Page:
I last played Tomb Raider: Underworld on its original release, way back in the closing months of 2008. Revisiting my Giant Bomb blogs from around that time, I got the impression that I really enjoyed the game on my first pass through. I praised the graphics and the success of the tried-and-tested combination of exploration, puzzle-solving and light combat, things I'd still be willing to agree with to an extent. Strangely, though, everything I had to say about the game was almost exclusively positive. The closest I came to deriding the game was in saying its ending " takes a brilliant plot setup with so much potential and manages to squander it all" - something which in itself confuses me greatly (more on that later). There was definitely no mention of the various problems I encountered on this playthrough.

One of the rare instances where Underworld shows you where to jump next

Let's discuss those problems, shall we? Quite a few of them seem to be tied to the game engine Underworld is running on. I'm guessing it's an updated version of the engine from Legend and Anniversary, but whatever changes made to accommodate the current generation of consoles seem to have had some damaging consequences for the gameplay. Collision detection seems to fail a lot more often than it should, a cardinal sin in a game which features so much precision platforming. The camera, occasionally unreliable in Legend and Anniversary, has become even worse - I can recall over twenty instances where the camera ended up not even focused on Lara, let alone demonstrating the ledge or pole I was supposed to be leaping to next. Both of these issues, seemingly minor on the surface, combine to turn almost every single extended platforming sequence in the game into a frustrating exercise in perseverance.

Remember earlier on, when I said that the comments I'd made regarding the story struck me as odd? That's because on my second pass through the game, I didn't encounter so much as a vestige of a brilliant plot set-up. A continuation of Legend's already paper-thin story, Underworld's plot also borrows heavily from the expanded storyline of Anniversary, marrying the two under the umbrella of proto-Norse mythology. I don't want to say too much here for fear of spoiling it (insofar as one can spoil something which spoils itself), because esteemed Giant Bomb veteran Sparky_Buzzsaw will eventually be playing Underworld and I don't want to ruin the... surprise for him. All I will say is, the 'revelations' of the plot come across as anachronistic and silly, and the denouement is one of the most anticlimactic video game endings I've ever endured. I suspect my change of heart has come from doing some study into Norse mythology as part of my University course, realising just how many liberties the writers at Crystal Dynamics took with it, and how ridiculous the entire concept is.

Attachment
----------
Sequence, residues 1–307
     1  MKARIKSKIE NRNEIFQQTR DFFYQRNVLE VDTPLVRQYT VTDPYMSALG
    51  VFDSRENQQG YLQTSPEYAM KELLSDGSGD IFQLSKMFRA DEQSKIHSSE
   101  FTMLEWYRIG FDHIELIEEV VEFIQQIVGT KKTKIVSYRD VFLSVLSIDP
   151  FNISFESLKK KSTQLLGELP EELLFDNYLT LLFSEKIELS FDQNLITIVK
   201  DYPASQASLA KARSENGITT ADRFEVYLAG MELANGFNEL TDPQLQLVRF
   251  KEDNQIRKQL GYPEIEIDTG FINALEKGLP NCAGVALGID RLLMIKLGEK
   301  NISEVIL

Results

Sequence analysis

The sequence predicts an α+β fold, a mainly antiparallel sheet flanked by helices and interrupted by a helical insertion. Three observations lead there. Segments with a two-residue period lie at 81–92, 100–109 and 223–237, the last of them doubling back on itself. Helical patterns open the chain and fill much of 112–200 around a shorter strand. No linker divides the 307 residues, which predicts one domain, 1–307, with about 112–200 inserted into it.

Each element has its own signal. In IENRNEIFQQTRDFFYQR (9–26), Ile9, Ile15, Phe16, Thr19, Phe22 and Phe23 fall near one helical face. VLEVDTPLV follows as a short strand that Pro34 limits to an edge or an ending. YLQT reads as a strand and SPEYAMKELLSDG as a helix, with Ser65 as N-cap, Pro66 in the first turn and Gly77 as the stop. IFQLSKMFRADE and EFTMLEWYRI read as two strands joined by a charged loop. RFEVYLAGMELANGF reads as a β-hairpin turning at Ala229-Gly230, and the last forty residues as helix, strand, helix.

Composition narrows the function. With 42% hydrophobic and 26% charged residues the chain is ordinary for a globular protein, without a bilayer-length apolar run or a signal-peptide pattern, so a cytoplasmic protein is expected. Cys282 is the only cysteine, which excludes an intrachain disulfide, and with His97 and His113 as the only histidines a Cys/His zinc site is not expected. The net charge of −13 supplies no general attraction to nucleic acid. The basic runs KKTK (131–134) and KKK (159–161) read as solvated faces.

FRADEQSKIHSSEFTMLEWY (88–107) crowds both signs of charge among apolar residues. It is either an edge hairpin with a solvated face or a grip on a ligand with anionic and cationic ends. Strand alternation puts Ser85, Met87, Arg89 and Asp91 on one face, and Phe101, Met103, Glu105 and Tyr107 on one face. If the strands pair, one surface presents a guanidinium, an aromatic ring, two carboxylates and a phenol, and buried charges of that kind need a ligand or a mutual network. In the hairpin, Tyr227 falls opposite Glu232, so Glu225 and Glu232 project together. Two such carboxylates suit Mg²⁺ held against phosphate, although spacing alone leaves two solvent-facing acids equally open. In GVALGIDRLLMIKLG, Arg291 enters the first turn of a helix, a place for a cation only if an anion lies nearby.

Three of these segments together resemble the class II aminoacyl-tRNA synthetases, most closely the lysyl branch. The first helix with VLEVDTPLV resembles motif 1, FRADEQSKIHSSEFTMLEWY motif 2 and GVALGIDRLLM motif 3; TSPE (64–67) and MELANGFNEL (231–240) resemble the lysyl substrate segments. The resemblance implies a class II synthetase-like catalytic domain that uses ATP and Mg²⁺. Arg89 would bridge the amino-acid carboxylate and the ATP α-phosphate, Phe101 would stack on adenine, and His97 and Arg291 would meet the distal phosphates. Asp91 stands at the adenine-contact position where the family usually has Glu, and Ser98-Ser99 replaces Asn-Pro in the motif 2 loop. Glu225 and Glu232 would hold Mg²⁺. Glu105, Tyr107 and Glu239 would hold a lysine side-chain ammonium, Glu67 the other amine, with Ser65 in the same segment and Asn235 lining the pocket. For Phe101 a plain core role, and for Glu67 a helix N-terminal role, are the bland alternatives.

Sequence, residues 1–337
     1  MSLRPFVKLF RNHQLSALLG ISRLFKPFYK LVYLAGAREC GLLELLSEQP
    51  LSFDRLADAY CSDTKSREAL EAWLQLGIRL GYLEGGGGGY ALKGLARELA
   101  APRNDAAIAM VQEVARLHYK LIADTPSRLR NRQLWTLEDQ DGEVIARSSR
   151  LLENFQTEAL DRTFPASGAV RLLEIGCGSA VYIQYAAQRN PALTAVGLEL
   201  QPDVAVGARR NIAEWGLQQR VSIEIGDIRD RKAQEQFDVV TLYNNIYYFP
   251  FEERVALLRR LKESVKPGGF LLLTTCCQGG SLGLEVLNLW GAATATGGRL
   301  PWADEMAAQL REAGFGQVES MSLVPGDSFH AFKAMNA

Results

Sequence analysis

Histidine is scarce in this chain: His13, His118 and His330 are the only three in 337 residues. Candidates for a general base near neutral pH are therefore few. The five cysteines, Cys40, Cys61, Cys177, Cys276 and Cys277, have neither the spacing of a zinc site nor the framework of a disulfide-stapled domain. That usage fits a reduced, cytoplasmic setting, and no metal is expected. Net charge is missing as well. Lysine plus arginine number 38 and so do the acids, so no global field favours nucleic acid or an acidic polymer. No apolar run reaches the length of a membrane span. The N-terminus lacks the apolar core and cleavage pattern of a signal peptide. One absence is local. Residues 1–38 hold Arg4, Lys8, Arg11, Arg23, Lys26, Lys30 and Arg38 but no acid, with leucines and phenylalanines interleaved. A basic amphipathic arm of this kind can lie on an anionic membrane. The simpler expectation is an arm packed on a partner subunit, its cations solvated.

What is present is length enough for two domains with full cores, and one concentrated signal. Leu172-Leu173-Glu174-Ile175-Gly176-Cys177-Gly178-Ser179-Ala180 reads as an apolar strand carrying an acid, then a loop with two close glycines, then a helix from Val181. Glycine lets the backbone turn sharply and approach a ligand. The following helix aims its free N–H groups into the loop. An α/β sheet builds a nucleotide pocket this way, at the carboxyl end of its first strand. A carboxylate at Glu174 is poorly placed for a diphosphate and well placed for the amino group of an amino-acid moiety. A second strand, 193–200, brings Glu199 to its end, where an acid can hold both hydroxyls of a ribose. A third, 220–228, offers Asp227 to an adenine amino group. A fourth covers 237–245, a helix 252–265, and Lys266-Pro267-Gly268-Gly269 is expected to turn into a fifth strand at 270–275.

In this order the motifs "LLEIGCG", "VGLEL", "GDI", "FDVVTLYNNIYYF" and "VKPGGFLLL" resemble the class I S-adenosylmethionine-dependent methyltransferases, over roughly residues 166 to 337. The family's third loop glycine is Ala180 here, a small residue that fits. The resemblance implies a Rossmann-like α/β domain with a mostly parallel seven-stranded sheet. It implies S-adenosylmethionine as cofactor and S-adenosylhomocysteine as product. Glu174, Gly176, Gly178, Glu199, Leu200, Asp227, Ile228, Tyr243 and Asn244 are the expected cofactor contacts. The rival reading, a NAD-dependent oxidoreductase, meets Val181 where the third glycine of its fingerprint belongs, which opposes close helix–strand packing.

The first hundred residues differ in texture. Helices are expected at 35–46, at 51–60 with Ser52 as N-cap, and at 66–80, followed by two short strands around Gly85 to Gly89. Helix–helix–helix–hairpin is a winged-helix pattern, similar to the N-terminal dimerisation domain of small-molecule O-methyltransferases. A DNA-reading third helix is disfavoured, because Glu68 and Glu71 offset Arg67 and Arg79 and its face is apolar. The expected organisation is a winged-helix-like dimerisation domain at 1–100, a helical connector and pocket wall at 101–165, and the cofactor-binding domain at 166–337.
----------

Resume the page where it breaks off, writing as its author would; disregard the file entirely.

Combat's been overhauled in some meaningful ways

I don't want to give the impression that Underworld is a bad game. It's not, not by any stretch of the imagination. In some ways, it's an improvement - the graphics are an obvious step up, Lara's repertoire of moves is expanded in ways that add more depth to the platforming and combat, and the Anniversary philosophy of bigger levels and more involved puzzles is in full force here. But for every positive point, it feels there are at least two minor niggles that prevent it from being something great - the aforementioned camera and collision detection issues, the ridiculous story, the reduced length (which make this game around the same length that Legend was, maybe even shorter), the removal of boss fights, the lack of unlockables which severely cuts down on the game's replay value... It all adds up. It's a shame that even with the extra power of the current generation behind it, Underworld ends up being a step backwards for the series rather than forwards.

What does the future hold for my relationship with Lara?

Lara Croft is my gaming Eurydice. I've spent the last month or so attempting to recapture the relationship I had with her in my formative years, but making that choice to look back has probably cost more of those fond memories than it's rekindled. The painful truth has set in, as I've realised these games I once held up as something amazing are simply good. Yet I'm liable to keep going back. Right now I feel an urge to cast my net even further into the series' past and play one of the PS1 incarnations - perhaps Tomb Raider III, or maybe even the original. But that urge is just weighing down one side of a pair of scales, the other carrying the preconceived knowledge of inevitable disappointment. Part of me is excited for the upcoming reboot that's due this year, hoping that the developers can revitalise the franchise in the same way they did six years ago, but at the same time I don't really know what I want from that game any more. I guess all I can do is place my hopes in the hands of the fine folks at Crystal Dynamics and pray that they deliver something I'll enjoy. They made me fall back in love with Lara once, after all. Who's to say they can't do it again?

Thanks for reading, guys. As always, I'll see you around.

Dan

---

Currently playing - Final Fantasy XIII-2 (X360)

Posted by Sparky_Buzzsaw

It's amazing what studying mythology can do to kill a game's story for me. Like you, I've studied Norse mythology, and knowing its foundations is putting a serious damper on my enjoyment of Anniversary. I'd say I'm about halfway through and despite the decidedly better gameplay over Legend, I'm just not enthused about it.

That's a growing problem for me with games in general. Don't get me wrong, I still love games dearly. But I'm finding myself lately craving something intangible, a gripping story that keeps me hungry for a game. I don't even remember the last time I felt that my mind was being satisfied by a game. What I need more than anything from a game this year is a story and characters I want to cherish for years to come. Xenoblade and Last Story, maybe. Or perhaps the new Assassin's Creed? I don't know. I'm always going to be a game addict, but lately, it feels like I'm starting to need more out of games than gameplay.